For the next mile I lead my expedition party through the canyons, showing them how my big voice got even bigger as it bow-wow-awooo-ed down the canyon walls. When I wasn't giving speeches, I impressed them with my most gymnastic rolling.
No one ever achieved enlightenment in the rain, so just like all the prophets before us, we would need to travel all the way to the desert to seek enlightenment.
I hung back, hoping Mom would change her mind, but she marched on without hesitating until we were standing at the bottom of the taco-shaped hole in the rock where someone had left half a dozen metal rings hanging like earrings from loops drilled into the rock. Then Mom unveiled her plan...
When Mom reached the landing and saw us all waiting for her, she practically screamed. “No hugging!” she choked when she saw me pushing against my new Friend. “Not on the cliff side of the trail!”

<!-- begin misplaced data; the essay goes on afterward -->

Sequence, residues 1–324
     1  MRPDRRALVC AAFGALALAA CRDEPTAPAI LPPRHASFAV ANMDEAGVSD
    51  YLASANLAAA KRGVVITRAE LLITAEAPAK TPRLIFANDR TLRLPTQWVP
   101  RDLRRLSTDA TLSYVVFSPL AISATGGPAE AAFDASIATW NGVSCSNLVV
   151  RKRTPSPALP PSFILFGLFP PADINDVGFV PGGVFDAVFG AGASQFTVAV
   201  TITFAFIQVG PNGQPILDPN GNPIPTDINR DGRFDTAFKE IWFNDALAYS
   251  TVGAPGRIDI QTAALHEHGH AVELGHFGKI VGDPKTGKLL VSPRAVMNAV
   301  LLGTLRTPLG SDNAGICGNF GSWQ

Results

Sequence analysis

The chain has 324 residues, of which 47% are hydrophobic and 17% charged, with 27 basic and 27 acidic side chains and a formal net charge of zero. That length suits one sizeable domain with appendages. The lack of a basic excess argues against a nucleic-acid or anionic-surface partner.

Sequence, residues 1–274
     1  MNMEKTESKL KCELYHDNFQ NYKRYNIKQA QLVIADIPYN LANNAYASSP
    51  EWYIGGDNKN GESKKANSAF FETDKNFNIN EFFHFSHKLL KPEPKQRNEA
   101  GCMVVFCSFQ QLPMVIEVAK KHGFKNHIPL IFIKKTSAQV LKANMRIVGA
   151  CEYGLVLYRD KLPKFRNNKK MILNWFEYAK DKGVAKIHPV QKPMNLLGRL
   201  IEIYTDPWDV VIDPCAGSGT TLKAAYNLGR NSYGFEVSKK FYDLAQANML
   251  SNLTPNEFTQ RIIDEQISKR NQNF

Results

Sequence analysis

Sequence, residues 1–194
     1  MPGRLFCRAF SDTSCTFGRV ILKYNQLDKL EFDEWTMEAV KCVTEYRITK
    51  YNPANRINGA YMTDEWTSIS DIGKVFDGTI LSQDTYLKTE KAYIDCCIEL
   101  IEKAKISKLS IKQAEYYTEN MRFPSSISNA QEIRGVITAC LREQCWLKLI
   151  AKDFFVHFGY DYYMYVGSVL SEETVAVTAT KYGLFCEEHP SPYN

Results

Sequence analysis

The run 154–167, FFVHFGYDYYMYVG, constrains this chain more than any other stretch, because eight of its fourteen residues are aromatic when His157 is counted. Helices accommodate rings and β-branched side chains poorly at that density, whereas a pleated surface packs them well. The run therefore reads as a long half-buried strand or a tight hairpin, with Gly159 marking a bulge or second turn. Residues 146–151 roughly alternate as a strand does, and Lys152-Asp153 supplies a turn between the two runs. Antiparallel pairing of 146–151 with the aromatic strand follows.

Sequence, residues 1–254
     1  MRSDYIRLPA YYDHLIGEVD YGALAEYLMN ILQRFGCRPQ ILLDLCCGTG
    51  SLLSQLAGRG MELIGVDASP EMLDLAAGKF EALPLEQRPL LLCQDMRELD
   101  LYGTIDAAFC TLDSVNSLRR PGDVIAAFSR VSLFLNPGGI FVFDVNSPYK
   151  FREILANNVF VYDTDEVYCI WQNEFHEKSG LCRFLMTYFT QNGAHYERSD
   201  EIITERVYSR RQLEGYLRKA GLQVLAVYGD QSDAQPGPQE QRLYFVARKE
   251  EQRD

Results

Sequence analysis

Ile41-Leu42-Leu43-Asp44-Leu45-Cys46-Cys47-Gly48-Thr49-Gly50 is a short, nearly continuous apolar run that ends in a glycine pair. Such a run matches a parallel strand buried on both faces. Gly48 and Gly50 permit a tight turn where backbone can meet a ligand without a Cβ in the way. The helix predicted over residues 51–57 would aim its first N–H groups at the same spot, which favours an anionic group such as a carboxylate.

What keeps pulling us out of our Stuck House to wander through this part of the country is that it's easier to appreciate what we have when Mom doesn't have to worry about all the responsibilities of having stuff. Things like hot poop juice in Mom's dented cup or turning the heater to sauna mode after a cold hike make us feel more wealthy than all the fancy City espressos in the world.
After driving only a few squiggles, the white dirt stopped acting like it had been dropped there by accident and started to lie on the ground possessively like real winter.
Most of the dragon was underground with only his flanks and stegosaurus crest sticking out of the ground and curling big-spoon-ways around a canyon. The land the dragon slept in was the color of the 1970’s ––all rusty, creamy and drab greys with the rough textures of courderoy and polyester–– but the dragon’s back itself was covered in white chalky scales that flaked off and turned to dust under my paws.
His words were long in strange places, like he was trying to sing but his tongue kept tripping over the words. It was the kind of accent that sounded like he would use the word ‘dad-gum’ a lot.
The distances got shorter and everything got smaller the longer I walked. It was like I was on a movie set that only looks real if you stand in the right spot, and when you walk around you discover that everything is a size that doesn't match.